More from Claudia Christian on the Sinclair Method

Link to Online Radio show about the Sinclair Method with Claudia Christian-

The Sinclair Method

Over the past few months I have read quite a lot about the Sinclair method for beating alcohol addiction, and have started a category on the blog that includes pieces from around the web about this method. As I have used abstinence to ensure sobriety for most of the last decade I cannot test this method, but am happy for people who do make use of this solution to do so. Claudia Christian wrote this for the site and Joanna from Cthreeeurope wrote this piece

I think that the Sinclair method could help so many people who have problems moderating, yet who cannot abstain on their own. Many people with addictions simply cannot improve much using some of the traditional methods, so this solution is badly needed. Here is a link to an online radio show that features Claudia Christian giving a really good explanation of how the Sinclair method can help people. She also mentions her great film called “One Little Pill”, which I talked about here and would recommend that you watch if you wish to find out more about this solution. Here is the trailer for the film.

Bloomberg Piece about Sinclair Method Drugs:

I glad to see that mainstream sources are picking up the fact that there are alternatives to traditional 12 step solutions, which may well be the answer for those, who are not motivated by the spiritual or religious parts of the AA program. The Sinclair Method may hopefully become known to more people. If people start to demand this solution then treatment centers and health services will have to modify their approach, to include a wider range of solutions. At the moment very few people are hearing about these methods which limits their effectiveness.

Here is a quote from the piece

Drugs to treat alcoholism can gain approval by proving patients using them no longer drink heavily, the Food and Drug Administration clarified Wednesday. The agency released draft guidelines for pharmaceutical companies wanting to develop alcoholism treatments that make clear that sobriety doesn’t have to be the main goal.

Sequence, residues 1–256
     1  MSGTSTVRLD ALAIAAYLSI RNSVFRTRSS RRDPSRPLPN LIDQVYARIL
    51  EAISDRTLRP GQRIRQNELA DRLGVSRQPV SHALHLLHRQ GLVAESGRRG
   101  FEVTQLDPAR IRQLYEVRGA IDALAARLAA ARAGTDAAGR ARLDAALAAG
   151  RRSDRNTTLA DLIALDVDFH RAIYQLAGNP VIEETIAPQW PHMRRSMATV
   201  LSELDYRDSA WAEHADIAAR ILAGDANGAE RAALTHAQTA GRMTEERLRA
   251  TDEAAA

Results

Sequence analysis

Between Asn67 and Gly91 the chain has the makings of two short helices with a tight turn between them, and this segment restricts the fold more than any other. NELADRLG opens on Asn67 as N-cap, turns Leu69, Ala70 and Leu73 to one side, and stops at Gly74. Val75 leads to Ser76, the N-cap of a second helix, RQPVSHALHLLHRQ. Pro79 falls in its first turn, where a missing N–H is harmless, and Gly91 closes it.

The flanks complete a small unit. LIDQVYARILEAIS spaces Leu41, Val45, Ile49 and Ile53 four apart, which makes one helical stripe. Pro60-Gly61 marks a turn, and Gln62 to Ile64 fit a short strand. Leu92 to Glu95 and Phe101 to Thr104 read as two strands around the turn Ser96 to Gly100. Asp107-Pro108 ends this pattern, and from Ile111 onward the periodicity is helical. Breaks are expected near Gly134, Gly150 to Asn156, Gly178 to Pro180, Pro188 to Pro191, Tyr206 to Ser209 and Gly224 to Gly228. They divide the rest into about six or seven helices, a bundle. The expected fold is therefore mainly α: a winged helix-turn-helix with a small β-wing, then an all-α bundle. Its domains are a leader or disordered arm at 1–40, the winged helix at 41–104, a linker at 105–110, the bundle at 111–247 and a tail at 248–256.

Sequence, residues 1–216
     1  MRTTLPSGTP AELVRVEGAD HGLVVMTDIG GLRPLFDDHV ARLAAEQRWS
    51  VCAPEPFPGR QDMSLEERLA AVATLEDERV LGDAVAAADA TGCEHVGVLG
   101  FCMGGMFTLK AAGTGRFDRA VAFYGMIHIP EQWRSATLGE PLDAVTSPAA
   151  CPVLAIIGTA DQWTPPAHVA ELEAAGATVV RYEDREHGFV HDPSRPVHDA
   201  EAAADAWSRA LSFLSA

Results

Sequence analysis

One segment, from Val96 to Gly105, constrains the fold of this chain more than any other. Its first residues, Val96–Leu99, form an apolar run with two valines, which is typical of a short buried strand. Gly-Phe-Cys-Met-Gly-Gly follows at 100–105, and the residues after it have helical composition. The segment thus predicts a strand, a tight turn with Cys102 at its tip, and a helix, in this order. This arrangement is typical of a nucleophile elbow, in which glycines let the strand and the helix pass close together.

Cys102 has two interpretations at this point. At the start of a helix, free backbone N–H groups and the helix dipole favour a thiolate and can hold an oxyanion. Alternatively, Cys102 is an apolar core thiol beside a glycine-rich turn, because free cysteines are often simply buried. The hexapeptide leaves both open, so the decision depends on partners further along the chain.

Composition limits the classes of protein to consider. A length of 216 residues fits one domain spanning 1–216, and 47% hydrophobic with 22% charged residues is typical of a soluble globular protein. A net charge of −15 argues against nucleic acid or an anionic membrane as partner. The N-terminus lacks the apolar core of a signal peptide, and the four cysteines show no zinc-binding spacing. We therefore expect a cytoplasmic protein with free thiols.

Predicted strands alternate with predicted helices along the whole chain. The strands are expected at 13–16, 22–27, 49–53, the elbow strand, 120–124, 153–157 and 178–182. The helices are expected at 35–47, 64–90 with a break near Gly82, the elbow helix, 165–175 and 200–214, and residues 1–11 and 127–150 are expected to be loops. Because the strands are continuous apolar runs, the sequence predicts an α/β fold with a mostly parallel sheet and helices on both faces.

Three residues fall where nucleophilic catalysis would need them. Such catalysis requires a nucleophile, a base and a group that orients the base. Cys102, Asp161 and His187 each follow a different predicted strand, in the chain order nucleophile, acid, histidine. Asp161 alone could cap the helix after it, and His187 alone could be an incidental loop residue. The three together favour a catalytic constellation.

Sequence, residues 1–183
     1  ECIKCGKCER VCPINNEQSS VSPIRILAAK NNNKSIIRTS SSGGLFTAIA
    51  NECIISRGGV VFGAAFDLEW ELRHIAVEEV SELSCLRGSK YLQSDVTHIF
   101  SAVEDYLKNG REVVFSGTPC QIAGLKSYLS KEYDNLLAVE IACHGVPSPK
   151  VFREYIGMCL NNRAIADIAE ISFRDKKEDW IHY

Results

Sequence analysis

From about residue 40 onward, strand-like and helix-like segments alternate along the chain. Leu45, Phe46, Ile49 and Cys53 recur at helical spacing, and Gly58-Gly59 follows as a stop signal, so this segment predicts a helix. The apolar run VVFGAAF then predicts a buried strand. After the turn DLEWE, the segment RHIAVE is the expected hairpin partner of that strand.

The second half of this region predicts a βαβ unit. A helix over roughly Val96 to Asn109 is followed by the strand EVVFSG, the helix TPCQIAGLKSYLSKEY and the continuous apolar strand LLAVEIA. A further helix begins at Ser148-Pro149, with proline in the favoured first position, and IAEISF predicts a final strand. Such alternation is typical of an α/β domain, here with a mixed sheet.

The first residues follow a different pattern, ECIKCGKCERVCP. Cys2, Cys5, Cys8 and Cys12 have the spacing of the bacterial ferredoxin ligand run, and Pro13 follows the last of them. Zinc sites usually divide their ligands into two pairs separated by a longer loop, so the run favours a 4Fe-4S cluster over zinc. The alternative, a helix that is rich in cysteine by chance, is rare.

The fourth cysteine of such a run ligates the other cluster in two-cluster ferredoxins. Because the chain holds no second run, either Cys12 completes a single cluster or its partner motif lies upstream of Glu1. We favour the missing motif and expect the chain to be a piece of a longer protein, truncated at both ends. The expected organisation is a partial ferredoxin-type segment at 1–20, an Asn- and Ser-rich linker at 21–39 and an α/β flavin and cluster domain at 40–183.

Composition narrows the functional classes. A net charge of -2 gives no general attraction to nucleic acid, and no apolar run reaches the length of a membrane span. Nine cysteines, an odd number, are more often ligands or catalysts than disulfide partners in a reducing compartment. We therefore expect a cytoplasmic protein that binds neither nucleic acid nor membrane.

“The abstinence-based endpoints have often been considered an unattainable threshold in the clinical trial setting, and may be considered a hindrance to clinical development for drugs to treat alcoholism,” Eric Pahon, an FDA spokesman, said in an e-mail.

Clinical trials of the three drugs that are FDA-approved and sold for alcoholism focused on sobriety, and most required patients to be abstinent to start the studies, Pahon said. The National Institute on Alcohol Abuse and Alcoholism has said current medications are effective for some but that more treatments are needed for the broader population.

“While total abstinence from alcohol is desirable, reducing heavy drinking to within ‘low-risk’ daily limits presents an alternative goal in drug development so more treatments may be developed,” Pahon said.

Industry, researchers and addiction and recovery groups can comment on the proposal for 60 days.

Current Drugs

The drugs sold for alcoholism are: naltrexone, which limits the release of pleasure-inducing dopamine caused by alcohol; acamprosate, which can be used by those who have quit drinking to stay sober; and disulfiram, known as Antabuse, which creates unpleasant side effects in people who drink.

Alcoholism is identified as continued drinking despite physical and psychosocial consequences, according to the FDA proposal. Ultimately, an alcoholism drug should improve those consequences, which can be done through sobriety or a reduction in the use of alcohol, the agency said.

The NIAAA defines heavy drinking as a man consuming more than four standard drinks in a day or a woman taking more than three. A standard drink in the U.S. contains 14 grams of alcohol, which could be in the form of a shot of hard liquor, a 12-ounce bottle of beer or a 5-ounce glass of wine.

Selincro, made by H. Lundbeck A/S and Biotie Therapies Oyj, is the first and only drug approved in the European Union for reducing alcohol use, according to Bloomberg Intelligence analyst Grace Guo.

Arbaclofen from Reckitt Benckiser Group Plc and XenoPort Inc., TKM-ALDH2 from Tekmira Pharmaceuticals Corp. and Alnylam Pharmaceuticals Inc. and ADX71441 from Addex Therapeutics Ltd. are in early development to treat alcohol-use disorder, Guo said.

The NIAAA said in September it would start a clinical trial in the first half of this year on Santa Clara, California-based XenoPort’s restless-leg syndrome medicine Horizant as a treatment for alcohol use disorder.


Some extra links on the Sinclair Method:




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